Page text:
• Apetn - Saturday, November 10, 2012 - link

    Last paragraph on 'noise and thermal testing, stock' you say addition of BitFenix fans when I'm pretty sure you added Be Quiet! fans. Reply
  • Grok42 - Saturday, November 10, 2012 - link

    It seems that cases are stuck in the past and I'm losing hope that they will ever move forward. I'm not claiming Dustin shares my concerns but he certainly shared some level of frustration when he commented that it seems unbelievable that this is the first case he has seen to provide obvious and reasonable support for 2.5" drives. My big beef is why do I have to put up with all those useless 5.25" drives?

    Drop the external bays and you do lose the option to put a legacy optical drive inside your computer. However, so much else would be gained that it would easily offset this lose even for those few that still need an optical drive and have to use an external one.

    Better cooling. 6-8 additional 3.5" or 2.5" bays. The case no longer needs a door improving cooling and cost. The width of the 5.25" drives to some degree define the width of the case which could now be narrower. Instead of adding additional 3.5" and 2.5" drives the entire case could get smaller.
    Reply
  • Death666Angel - Monday, November 12, 2012 - link

    Narrower case -> you lose the ability to use the biggest, baddest tower coolers and/or you lose area behind the mainboard to route cables
    And external 5.25" drive bays can be re purposed in tons of ways, I personally have a "ODD Slim Drive + 2.5" HDD + 2xUSB" adapter thing in one and a 6 x 2.5" HDD adapter in the other 5.25" bays of my TJ-08E. Since I don't use the internal 3.5" drive cage (wanted the space for my water cooling pump and reservoir), I now have easy access to all my hard drives and extra front USB ports. There are tons of adapters for multiple 3.5" HDDs in 5.25" bays with hot swap capabilities etc.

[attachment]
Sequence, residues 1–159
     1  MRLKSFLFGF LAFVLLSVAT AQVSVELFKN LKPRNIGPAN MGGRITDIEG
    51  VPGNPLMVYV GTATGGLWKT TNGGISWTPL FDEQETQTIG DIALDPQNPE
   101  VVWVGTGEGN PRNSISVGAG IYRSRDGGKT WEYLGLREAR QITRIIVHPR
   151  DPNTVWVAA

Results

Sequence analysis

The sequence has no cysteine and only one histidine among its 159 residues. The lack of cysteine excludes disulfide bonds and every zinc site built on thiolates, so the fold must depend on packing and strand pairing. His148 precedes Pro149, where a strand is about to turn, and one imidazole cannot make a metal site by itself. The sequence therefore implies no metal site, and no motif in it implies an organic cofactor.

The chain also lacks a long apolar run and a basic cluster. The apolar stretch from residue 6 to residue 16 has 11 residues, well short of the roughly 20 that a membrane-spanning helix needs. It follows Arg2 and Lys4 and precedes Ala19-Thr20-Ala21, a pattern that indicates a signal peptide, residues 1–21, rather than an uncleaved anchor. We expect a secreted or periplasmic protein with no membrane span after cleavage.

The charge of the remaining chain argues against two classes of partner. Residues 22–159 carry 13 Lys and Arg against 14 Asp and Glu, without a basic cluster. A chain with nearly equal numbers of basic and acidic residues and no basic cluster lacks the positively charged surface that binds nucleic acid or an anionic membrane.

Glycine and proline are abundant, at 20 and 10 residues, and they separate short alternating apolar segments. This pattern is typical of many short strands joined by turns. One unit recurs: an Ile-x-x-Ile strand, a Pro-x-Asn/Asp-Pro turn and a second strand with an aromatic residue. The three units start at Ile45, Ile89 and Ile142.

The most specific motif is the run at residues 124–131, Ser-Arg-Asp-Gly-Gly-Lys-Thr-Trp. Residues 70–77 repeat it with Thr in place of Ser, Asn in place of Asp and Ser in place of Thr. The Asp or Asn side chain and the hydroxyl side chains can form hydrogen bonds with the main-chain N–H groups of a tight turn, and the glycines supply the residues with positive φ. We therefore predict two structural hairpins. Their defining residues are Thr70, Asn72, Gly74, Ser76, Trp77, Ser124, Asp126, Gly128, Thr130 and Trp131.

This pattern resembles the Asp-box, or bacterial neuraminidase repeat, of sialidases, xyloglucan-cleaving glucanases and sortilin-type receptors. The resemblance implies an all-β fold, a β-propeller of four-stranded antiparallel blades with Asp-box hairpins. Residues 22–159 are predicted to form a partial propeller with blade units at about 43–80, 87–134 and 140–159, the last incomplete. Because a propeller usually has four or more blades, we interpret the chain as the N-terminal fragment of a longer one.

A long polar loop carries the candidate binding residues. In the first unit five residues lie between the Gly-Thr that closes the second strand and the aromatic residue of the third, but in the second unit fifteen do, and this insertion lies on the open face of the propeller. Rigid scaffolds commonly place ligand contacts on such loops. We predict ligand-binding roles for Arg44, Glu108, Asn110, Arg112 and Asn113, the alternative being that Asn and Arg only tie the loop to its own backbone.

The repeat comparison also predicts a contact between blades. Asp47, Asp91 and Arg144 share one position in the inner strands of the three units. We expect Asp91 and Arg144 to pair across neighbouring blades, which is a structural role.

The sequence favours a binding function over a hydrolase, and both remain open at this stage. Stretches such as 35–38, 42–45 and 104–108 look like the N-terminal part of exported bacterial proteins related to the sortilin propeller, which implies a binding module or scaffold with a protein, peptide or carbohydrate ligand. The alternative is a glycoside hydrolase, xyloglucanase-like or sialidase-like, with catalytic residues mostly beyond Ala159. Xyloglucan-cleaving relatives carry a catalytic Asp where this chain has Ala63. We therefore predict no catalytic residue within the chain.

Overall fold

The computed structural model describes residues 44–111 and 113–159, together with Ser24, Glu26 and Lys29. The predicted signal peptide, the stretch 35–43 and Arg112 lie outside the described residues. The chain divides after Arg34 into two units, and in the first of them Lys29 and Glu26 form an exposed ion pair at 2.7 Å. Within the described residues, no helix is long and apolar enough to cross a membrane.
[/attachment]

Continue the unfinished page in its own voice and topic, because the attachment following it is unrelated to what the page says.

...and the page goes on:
Reply
  • Grok42 - Monday, November 12, 2012 - link

    Completely agree that narrowing the case has downsides like you mentioned. The question is to what degree these would be problems. Given that every case I've seen is basically designed to be as wide as a 5.25" bay plus the thickness of 4 pieces of sheet metal I would guess that the depth is driven by the 5.25" bay and not so much on cooling and cable routing needs. The funny thing is that the 5.25" format was setup back before any processor needed active cooling much less tower coolers. I would add to your list of negative effects that it will make it less stable, although how much depends a lot on other decisions like where the PSU is located.

    I'm glad you've overcome your cases disability. Imagine how much easier and cheaper if the case had simply come with additional 2.5" and 3.5" bays instead? Of course I also am a huge fan of the bays being removable so the case can be worked on easier or for better airflow. Typically 5.25" bays are not removable because they are the width of the case and simply made structurally part of it.
    Reply
  • Bonesdad - Saturday, November 10, 2012 - link

    Nice review...love seeing cases like these. Something well built and nice clean lines with a more grown up look. What was that last horrid case reviewed here - Cougar Challenger? Stay far away from anything like that. Need more cases like this... Reply
  • cjs150 - Monday, November 12, 2012 - link

    "While neither drive cage is removable"

    Give me 5 mins with a dremel and a drill and I promise you they will be!

    Very nice review, the case is not bad, just not good enough.

    My main compliant is that the case designers are playing safe. With the exception of Lian Li nobody is really experimenting - the interior is the same as 5 years ago. In fact over the last 10 years the only noticeable change is moving the PSU from the top to the bottom.
    Reply
  • Dustin Sklavos - Wednesday, November 14, 2012 - link

    Have you not been paying attention to SilverStone?

    And Lian Li are much tamer than you'd like to think. They keep experimenting but most of the time they never actually fix the problems that have dogged most of their enclosures in my reviews: poor build quality, awkward drive mounts, and needlessly complicated assembly.
    Reply
  • dingetje - Tuesday, November 13, 2012 - link

    Anyone have the Cooler Master HAF-XB ? Reply